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5 Tips to Refresh Your Resume

Are you applying for jobs and feeling like your resume is going into a black hole? Are you worried that applicant tracking systems are using artificial intelligence (AI) to screen you out? Has the style of your resume not changed in 15 years?

It’s a new year, and it’s time to refresh your resume so it can give the polished, professional impression you hope for and improve your odds of being selected.

It’s easy to get overwhelmed with a resume redo, so start with just a few things that will make an immediate visual and practical impact. Keeping the following points in mind will bring your resume into 2023 and will highlight your skills, competencies, interests, and experiences.

Headings Count

Use a bold font in areas that you want to draw attention to and consider a different font for headings than the rest of the content. Use bold instead of italics to highlight areas or words.

Don’t put your address in the heading because it’s not necessary for an employer to know where you live. If they think the commute will be too long or don’t know that you are planning on relocating, it can be a reason for them to reject you.

Make sure to update your email address if it is outdated, unprofessional, doesn’t make sense with your name, or clearly shows your birthdate or graduation year. You want to appear very professional and there’s no reason to share your age with them. Examples: mamalovescookies@aol.com; susietomfrankie1964@aol.com

Font Matters

Select a modern font, generally one that is sans serif, like Arial, Avenir, Calibri, Helvetica, or Tahoma. The look you are going for is clean, easy to read, and modern. Avoid Times New Roman and other fonts with a lot of swirls or if they are more graphic in nature.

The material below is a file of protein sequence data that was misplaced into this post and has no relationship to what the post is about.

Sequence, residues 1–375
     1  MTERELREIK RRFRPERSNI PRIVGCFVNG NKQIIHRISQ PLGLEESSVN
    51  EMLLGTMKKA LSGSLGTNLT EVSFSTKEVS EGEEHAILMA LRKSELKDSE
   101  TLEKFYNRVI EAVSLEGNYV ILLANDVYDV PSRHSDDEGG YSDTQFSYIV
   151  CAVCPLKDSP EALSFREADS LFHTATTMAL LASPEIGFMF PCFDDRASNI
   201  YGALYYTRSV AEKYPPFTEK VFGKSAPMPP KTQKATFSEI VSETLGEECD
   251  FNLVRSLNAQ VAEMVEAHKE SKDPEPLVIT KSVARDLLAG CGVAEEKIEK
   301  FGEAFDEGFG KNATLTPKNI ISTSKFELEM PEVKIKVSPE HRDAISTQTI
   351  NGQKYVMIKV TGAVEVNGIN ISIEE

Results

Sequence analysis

Mirror the Job You are Targeting

A well-written, 3-4 sentence Summary Statement at the top should sound like the person they are seeking and be authentic to who you are. Soft skills can be interwoven into this section.

Keywords and Concepts Belong Up Front

Have a section that highlights your Skills or Areas of Expertise before your Experience. Unless you are a new graduate or entry-level, this area should have those keywords that showcase your hard skills.

Examples:

  • Performance Management
  • Public Speaking
  • Executive Presentation
  • Budget Forecasting
  • Media Buying
  • Contract Negotiation
  • CRM
  • Talent Acquisition
  • Labor Relations
  • Crisis Communications

Avoid Communication, Time Management, Collaboration, Dedicated, Responsible. These are terms that everyone uses and claims to have. You can showcase those soft skills in the Summary Statement at the top of your resume.

Consider Using Color and Simple Design Strategies

Consider formatting your heading, like using a white font on a navy-blue shaded background, and a different color for the job titles. Try creating a box around an area like Key Accomplishments or Career Highlights and share these in the top third of your resume. Avoid tables, graphics, and resume templates that use them. They are a pain to update and applicant tracking systems don’t always like them.

Working on these 5 things will be a great start, but there is likely more to do. Consider how many jobs to list, how long the resume is (no longer than two pages), and how to best showcase what you’ve done and what you want to do. A professional resume writer or career coach will be able to guide you in this process. You will feel a huge sense of relief knowing it’s being done by a professional and that it’s not hanging over your head.

Even with a professional resume writer refreshing your resume, you will still need to slightly tailor it for each job. They should show you how to do that quickly and effectively.

So, get started and set aside a couple of hours to make a few of these changes. Or, if that makes your head spin, find a professional resume writer and outsource the job to them! Do what you do best and hire someone who is experienced and knowledgeable and who can do what they do best. That way, if your dream job comes up, you will be ready to apply!

Looking for help with your resume? Reach out to Purple Ink!

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Peggy Hogan
Peggy Hogan
Peggy is Purple Ink’s Vice President of Talent Services. She is passionate about helping organizations be more effective at sourcing and retaining top talent and loves the powerful effect connecting people to the right opportunity can have on their lives.

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